Also, I recommend not telling your daughter that Daffy tastes amazing, she *might* get a bit upset….

Hope everyone had a great holiday!

“Alexa, raise my desk to 15 inches”

Last year, I built a DIY Raspberry Pi controlled electric standing desk.  It was a great project and I’ve gotten a ton of use from it.

To move the desk, I simply had to:

  1. Launch PuTTY on my computer
  2. PuTTY to the raspberry pi
  3. Log in
  4. Navigate to the directory where the program was running
  5. type sudo python3
  6. Tell it what height to move to

It works and is definitely better than sitting all day… but we can do better than that, right?

Yes, we can.  My desk is now voice-activated via Amazon Alexa!

Isn’t that better?

How does it work?

There are 3 parts to the integration:

  1. Alexa Skill
  2. Azure-hosted API
  3. Desk Controller


Alexa Skill

Amazon has an SDK for the Amazon Echo family devices called the “Alexa Skills Kit“.  In short, the Alexa skill contains 3 things:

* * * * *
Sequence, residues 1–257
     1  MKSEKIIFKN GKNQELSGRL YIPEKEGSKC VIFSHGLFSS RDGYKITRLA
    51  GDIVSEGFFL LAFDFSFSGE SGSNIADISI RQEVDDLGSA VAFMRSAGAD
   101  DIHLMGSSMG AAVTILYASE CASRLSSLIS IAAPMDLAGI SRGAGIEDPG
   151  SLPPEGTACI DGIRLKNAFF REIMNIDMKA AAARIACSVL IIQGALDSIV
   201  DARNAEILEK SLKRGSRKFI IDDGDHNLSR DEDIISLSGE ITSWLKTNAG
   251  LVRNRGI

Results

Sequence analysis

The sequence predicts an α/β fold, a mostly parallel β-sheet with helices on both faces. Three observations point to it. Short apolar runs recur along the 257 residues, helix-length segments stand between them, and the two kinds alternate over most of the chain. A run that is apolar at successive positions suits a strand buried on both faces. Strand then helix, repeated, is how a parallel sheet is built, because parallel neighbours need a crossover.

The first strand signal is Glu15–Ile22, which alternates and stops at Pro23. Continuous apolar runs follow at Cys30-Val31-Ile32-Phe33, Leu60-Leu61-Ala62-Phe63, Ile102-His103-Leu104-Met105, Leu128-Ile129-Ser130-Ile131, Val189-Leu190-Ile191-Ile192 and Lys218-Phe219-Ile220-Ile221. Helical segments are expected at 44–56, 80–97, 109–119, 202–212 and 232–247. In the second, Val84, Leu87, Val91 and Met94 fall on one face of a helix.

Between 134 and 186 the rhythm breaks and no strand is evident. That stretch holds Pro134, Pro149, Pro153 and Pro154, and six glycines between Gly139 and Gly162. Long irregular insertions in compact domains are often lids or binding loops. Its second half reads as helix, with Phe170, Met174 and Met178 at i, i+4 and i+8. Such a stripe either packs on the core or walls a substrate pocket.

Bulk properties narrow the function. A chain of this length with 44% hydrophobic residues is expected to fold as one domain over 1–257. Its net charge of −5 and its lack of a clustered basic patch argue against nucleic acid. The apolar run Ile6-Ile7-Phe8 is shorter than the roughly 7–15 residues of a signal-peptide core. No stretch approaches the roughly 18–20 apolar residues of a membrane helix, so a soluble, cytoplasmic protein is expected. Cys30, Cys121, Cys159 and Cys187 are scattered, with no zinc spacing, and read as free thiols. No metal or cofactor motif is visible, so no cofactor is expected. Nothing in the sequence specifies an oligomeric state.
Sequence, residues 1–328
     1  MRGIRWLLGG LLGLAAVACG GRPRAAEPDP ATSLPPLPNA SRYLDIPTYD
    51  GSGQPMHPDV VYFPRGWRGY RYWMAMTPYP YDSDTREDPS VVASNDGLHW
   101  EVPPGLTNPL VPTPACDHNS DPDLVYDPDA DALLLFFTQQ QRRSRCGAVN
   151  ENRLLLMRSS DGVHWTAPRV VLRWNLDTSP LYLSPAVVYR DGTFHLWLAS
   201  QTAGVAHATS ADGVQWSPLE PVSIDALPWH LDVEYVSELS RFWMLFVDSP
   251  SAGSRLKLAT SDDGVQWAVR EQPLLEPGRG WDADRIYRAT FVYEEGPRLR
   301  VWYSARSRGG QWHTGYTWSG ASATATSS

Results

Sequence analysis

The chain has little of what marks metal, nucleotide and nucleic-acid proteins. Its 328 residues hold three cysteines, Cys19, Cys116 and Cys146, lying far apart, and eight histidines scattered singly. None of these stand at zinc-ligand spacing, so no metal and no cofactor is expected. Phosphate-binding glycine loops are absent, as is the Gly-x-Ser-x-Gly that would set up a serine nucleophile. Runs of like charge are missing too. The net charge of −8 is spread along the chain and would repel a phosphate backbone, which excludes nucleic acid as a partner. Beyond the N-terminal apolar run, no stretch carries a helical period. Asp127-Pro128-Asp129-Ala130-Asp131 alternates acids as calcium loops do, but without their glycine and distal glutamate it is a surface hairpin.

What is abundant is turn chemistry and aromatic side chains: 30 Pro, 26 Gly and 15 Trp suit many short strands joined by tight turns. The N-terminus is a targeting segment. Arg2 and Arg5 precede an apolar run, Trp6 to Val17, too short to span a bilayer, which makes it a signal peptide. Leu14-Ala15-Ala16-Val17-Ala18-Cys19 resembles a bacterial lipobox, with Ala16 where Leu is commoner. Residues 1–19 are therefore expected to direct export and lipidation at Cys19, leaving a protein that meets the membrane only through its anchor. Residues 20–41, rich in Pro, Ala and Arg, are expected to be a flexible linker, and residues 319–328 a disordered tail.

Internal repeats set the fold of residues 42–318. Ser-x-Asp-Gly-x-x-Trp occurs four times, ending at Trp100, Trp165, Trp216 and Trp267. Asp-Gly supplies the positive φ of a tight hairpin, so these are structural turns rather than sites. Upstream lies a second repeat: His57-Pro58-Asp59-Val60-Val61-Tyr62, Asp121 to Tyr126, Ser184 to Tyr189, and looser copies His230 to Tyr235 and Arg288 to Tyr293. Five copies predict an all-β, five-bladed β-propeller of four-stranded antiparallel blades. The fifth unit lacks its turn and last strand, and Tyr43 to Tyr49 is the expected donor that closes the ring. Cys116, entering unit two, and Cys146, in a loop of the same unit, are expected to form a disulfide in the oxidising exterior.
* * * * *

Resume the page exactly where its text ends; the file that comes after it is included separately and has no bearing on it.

1. The things your skill can do (called intents)
  2. Sample ‘utterances’ and how they map to the intents
  3. Instructions on how to call your program

Your program can either be an Amazon Lambda program, or it can be a HTTPS API that the Alexa service will post a message to.

It’s easy to set up a simple skill to get started.  Check out the Amazon developers site for how tos, tutorials, etc.  Or if you want to learn in a bit more structured way, check out “Developing Alexa Skills for Amazon Echo” on Pluralsight.

The speech assets for my desk are on github.


The API is simple and does 2 things: